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5 Min. Read

Market Risk Premium: Definition, Formula & Calculation

Market Risk Premium: Definition, Formula & Calculation

When you get into investing, there’s a plethora of knowledge available for determining risk. Every investment has a relationship between risk and reward. When they work out, risky investments tend to pay the highest. However, it’s never recommended to take risks that don’t have a good rate of returns. Thankfully, risk can be calculated.

If you’re beginning your investment journey, you may want to learn about market risk premium. It’s one of the essential formulas any investor needs to get started. Keep reading to learn more about it, as well as how to calculate it!

Here’s What We’ll Cover:

What is Market Risk Premium?

The Three Concepts Used by Market Risk Premium

Calculating the Market Risk Premium

Understanding Risk

Key Takeaways

What is Market Risk Premium?

The market risk premium is the additional return an investor expects to receive when holding a risky market portfolio. This is compared to the expected rate of return on risk-free assets, also known as the risk-free rate.

The market risk premium model is part of the CAPM or Capital Asset Pricing Model. Analysts and investors use this to calculate the acceptable rate of return for an investment. CAPM largely deals with risk and reward. The model defines both as:

  • Risk: Volatility of returns
  • Reward: Rate of returns

Investors, particularly risk-averse investors, want the highest reward and the lowest risk. This means that the money they’ve invested is guaranteed to provide returns. However, in most cases, the lower the risk, the lower the rewards. This is why the market risk premium model was developed.

What is the Risk-Free Rate?

The risk-free rate is based on the yield of a long-term government bond rate in the country where the investment occurs. Government bonds have a guaranteed growth rate, making them an excellent baseline.

The Three Concepts Used by Market Risk Premium

When discussing market risk premium, there are three core concepts that come into play. These concepts are listed below.

Required Market Risk Premium

This is the minimum rate that investors should accept. If the investment’s expected rate of return is lower than the required rate, then an investor should not invest. It’s also known as the hurdle rate or hurdle rate of return.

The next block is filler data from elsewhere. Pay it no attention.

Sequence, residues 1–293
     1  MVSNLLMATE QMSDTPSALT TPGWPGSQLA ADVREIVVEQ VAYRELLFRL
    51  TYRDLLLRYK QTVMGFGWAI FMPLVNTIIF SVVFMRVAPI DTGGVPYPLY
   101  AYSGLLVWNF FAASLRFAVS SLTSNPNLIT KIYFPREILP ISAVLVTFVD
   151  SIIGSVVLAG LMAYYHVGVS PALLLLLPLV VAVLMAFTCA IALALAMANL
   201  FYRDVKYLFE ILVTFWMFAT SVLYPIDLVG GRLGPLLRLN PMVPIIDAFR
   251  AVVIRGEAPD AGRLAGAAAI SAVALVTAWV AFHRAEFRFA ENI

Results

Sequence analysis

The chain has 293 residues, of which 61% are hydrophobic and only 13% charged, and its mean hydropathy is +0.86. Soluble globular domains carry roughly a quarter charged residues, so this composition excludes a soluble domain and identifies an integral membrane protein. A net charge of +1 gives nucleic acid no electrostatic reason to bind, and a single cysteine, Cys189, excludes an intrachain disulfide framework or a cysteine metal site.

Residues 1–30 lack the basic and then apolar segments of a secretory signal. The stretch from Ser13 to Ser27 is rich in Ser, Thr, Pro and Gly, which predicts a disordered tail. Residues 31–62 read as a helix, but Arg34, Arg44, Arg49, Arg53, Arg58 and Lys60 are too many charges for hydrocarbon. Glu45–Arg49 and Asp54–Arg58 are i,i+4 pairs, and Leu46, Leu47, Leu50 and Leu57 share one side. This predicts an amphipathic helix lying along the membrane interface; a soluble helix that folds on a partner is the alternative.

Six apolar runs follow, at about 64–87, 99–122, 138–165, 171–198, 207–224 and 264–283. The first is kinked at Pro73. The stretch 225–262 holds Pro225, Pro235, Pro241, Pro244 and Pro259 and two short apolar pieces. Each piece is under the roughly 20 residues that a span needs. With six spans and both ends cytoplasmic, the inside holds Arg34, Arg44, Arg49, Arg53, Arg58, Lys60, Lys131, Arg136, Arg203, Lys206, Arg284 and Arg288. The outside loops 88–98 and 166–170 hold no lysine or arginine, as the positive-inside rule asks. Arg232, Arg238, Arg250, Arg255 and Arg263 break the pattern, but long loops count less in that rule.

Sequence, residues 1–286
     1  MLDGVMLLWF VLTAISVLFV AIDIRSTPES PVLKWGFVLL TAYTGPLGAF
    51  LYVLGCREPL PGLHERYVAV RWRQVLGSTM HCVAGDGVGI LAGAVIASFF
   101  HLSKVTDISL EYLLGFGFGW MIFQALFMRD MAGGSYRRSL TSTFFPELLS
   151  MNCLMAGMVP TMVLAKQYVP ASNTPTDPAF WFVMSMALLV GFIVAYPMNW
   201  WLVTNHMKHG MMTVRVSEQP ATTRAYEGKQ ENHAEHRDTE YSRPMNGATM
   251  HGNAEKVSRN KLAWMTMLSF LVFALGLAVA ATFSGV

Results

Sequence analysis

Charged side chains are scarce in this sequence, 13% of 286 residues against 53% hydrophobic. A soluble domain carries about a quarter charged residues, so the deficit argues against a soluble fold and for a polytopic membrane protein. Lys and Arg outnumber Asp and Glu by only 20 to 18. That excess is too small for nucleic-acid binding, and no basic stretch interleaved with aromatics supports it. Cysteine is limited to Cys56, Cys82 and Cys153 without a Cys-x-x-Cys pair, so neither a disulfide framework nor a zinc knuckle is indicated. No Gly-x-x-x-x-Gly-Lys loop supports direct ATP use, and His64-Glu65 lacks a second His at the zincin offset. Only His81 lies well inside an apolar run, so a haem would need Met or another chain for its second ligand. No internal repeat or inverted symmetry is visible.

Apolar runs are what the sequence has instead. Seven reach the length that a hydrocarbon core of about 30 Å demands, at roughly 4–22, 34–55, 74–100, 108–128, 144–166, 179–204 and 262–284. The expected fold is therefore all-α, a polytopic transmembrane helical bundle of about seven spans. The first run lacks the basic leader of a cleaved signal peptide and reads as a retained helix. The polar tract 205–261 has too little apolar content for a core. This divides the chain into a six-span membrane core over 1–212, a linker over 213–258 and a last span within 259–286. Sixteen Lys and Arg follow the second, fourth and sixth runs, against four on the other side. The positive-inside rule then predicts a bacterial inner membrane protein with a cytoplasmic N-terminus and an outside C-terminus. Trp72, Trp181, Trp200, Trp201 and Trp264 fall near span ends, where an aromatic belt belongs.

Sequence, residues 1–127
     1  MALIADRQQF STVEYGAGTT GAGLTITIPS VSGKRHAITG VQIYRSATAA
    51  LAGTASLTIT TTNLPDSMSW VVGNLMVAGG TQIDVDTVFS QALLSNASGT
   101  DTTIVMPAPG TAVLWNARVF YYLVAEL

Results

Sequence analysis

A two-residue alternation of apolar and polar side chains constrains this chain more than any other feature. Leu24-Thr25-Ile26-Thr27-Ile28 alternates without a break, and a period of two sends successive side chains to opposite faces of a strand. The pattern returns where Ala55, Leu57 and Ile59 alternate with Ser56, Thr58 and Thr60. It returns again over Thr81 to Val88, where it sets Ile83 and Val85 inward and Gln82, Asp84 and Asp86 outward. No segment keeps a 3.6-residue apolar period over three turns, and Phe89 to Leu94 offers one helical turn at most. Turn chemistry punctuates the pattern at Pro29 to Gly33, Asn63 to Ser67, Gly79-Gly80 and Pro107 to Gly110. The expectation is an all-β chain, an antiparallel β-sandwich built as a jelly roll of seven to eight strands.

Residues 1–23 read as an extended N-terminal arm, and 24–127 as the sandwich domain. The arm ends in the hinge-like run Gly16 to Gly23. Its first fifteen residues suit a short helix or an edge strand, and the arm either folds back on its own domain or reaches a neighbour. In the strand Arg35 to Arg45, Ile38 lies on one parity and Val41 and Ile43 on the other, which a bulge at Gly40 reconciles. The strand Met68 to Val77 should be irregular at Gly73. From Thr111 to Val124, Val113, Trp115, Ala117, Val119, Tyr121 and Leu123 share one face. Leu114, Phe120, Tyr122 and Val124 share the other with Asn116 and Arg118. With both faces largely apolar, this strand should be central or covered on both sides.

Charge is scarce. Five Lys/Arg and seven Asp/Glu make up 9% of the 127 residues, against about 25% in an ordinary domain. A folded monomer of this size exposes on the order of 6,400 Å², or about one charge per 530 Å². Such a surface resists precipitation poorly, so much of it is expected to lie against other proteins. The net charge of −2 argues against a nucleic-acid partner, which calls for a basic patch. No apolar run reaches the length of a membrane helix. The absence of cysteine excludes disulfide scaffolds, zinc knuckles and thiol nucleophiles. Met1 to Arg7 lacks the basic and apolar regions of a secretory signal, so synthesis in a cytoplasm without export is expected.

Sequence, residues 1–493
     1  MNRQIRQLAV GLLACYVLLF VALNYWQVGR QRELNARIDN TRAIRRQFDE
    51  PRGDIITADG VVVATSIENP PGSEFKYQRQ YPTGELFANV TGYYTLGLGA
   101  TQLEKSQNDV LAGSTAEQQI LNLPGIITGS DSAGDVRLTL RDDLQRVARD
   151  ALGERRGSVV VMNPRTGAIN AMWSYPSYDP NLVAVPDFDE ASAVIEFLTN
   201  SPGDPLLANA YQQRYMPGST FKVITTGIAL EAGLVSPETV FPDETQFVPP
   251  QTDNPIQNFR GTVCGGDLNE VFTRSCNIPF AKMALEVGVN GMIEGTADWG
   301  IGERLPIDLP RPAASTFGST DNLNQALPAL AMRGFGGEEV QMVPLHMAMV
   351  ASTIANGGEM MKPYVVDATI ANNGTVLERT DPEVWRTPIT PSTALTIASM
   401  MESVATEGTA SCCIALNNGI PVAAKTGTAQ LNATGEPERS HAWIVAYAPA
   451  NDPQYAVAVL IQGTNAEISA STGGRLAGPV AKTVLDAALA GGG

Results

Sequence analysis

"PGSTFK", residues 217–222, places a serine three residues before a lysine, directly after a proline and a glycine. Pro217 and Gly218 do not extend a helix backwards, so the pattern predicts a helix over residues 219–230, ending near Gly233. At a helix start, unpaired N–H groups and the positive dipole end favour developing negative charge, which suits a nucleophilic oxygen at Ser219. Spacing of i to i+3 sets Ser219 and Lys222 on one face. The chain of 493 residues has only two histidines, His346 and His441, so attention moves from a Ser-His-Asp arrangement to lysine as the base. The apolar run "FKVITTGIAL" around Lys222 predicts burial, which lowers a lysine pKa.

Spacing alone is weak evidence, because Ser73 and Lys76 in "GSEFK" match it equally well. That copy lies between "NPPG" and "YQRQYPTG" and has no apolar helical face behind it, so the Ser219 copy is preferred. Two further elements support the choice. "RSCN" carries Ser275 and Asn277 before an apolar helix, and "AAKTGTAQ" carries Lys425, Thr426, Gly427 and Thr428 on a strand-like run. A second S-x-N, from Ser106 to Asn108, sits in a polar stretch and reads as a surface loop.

Historical Market Risk Premium

Historical return rates are a reflection of the investment’s past performance. This is also known as the historical market rate. The historical premium will be the same result for all investors since it’s based on widely available data.

Expected Market Risk Premium

This is simply defined as the expected amount an investor expects to make. It’s not always based on math. Rather, it’s based on the expectations that the investor has of the investment.

It should be noted that the required and expected market risk premiums will vary from investor to investor. This is due to the changing minimum amount investors will accept, as well as what they expect to make. 

Another thing to take into consideration is the instrument used to determine historical rates. Each different investment instrument will produce a different result, though they’ll be similar.

Calculating the Market Risk Premium

If you’re ready to start looking at investments that are riskier than others, you’ll need to know how to calculate the market risk premium. Thankfully, the formula is simple to use. Check it out below:

Market Risk Premium = Expected Rate of Return - Risk-Free Rate

It should be mentioned that the variables above are based entirely on percentages. Market risk premium, as a rate, is expressed as a percentage. Let’s take a look at an example using the following information.

The current risk-free rate based on 10-year government bonds is 3%. The expected rate of return when using the S&P 500 is 8%. Using this information, we can calculate the market risk premium. See below.

Market Risk Premium = Expected Rate of Return (8%) - Risk-Free Rate (3%)

Market Risk Premium = 5%

It’s as easy as that! There are other variables to consider, though.

Understanding Risk

In investing terms, risk relates to market volatility. The more volatile security is, the riskier it is. This is why government bonds are used to assess the risk-free rate. They’re not volatile whatsoever. Stocks, however, are highly volatile, making them a risky investment by comparison. This is why you have the market risk premium formula. It helps you understand whether or not the risk is worth it in the long run.

Key Takeaways

When you’re considering investing, you always have to take risks and rewards into account. By understanding the risks involved with the investment you’re interested in, you can make smarter investments. Use the market risk premium to find out if your investment options are too risky! 

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